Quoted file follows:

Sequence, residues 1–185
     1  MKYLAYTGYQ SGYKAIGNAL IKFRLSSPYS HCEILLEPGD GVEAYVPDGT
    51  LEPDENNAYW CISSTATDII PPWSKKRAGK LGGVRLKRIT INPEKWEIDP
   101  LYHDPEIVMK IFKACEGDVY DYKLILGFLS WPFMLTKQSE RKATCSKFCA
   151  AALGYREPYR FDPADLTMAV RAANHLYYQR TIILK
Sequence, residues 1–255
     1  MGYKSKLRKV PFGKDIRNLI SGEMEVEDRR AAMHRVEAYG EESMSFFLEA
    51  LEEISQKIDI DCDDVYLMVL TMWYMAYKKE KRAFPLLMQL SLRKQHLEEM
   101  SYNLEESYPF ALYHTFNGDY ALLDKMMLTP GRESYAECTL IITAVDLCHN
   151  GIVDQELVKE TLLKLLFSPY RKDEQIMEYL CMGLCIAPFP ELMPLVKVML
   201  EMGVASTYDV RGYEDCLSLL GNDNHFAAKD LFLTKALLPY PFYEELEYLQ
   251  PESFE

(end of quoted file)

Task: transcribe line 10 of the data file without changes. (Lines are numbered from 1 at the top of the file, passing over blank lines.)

   151  GIVDQELVKE TLLKLLFSPY RKDEQIMEYL CMGLCIAPFP ELMPLVKVML